Graduate School of Biomedical Sciences, Clinical and Population Research Program and MD/PhD Program
Dissertations, UMMS; Safety; Patient Compliance; Laboratory Techniques and Procedures; Drug Monitoring; Outcome and Process Assessment (Health Care); Medication Adherence; Medication Errors; Medication Systems
Since the Institute of Medicine highlighted the devastating impact of medical errors in their seminal report, “To Err is Human” (2000), efforts have been underway to improve patient safety. A portion of medical errors are due to medication errors, and a large portion of these can be attributed to inadequate laboratory monitoring.
In this thesis, I attempt to address this small but important corner of this patient safety endeavor. Why are patients not getting their laboratory monitoring tests? Do they fail to complete them or do doctors not order the tests in the first place? Which prescribers and which patients are least likely to do what is needed for testing to happen and what interventions would be most promising?
To address these questions, I conducted a systematic review of existing interventions. I then proceeded with three aims: 1) To identify reasons that patients give for missing monitoring tests; 2) To identify patient and provider factors associated with monitoring test ordering; and 3) To identify patient and provider factors associated with completion of ordered testing.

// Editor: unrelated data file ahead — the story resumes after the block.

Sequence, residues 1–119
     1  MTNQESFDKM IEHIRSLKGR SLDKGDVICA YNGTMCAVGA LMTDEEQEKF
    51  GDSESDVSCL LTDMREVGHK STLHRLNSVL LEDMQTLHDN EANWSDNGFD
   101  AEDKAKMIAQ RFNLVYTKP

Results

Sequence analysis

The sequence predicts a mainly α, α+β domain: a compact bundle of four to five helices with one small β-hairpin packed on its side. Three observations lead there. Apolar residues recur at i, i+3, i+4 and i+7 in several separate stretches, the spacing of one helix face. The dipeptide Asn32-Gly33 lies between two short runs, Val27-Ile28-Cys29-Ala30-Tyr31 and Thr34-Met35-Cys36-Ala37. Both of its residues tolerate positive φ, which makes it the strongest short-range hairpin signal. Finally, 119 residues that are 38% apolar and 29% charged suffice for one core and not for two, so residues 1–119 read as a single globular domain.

To achieve these aims, I worked with patients and data at the Fallon Clinic. For aim 1, I conducted a qualitative analysis of their reasons for missing tests as well as reporting completion and ordering rates. For aims 2 and 3, I used electronic medical record data and conducted a regression with patient and provider characteristics as covariates to identify factors contributing to test ordering and completion.
Interviews revealed that patients had few barriers to completion, with forgetting being the most common reason for missing a test. The quantitative studies showed that: older patients with more interactions with the health care system were more likely to have tests ordered and were more likely to complete them; providers who more frequently prescribe a drug were more likely to order testing for it; and drug-test combinations that were particularly dangerous, indicated by a black box warning, were more likely to have appropriate ordering, though for these combinations, primary care providers were less likely to order tests appropriately, and patients were less likely to complete tests.
Taken together, my work can inform future interventions in laboratory monitoring and patient safety.
Fischer, SH. Factors Associated with Ordering and Completion of Laboratory Monitoring Tests for High-Risk Medications in the Ambulatory Setting: A Dissertation. (2011). University of Massachusetts Medical School. GSBS Dissertations and Theses. Paper 543. http://escholarship.umassmed.edu/gsbs_diss/543
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